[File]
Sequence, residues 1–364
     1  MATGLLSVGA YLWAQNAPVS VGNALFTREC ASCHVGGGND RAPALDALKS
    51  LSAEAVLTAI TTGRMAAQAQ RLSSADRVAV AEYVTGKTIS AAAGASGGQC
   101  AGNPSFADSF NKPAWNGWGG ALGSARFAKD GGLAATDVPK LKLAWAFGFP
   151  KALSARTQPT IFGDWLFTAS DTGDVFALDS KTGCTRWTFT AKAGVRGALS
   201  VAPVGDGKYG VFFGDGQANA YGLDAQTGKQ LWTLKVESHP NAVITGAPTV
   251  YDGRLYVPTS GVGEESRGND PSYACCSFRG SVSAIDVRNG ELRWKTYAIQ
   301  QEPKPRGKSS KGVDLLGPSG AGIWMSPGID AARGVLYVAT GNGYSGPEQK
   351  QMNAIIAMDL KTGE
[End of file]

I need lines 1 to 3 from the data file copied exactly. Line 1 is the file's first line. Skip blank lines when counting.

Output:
Sequence, residues 1–364
     1  MATGLLSVGA YLWAQNAPVS VGNALFTREC ASCHVGGGND RAPALDALKS
    51  LSAEAVLTAI TTGRMAAQAQ RLSSADRVAV AEYVTGKTIS AAAGASGGQC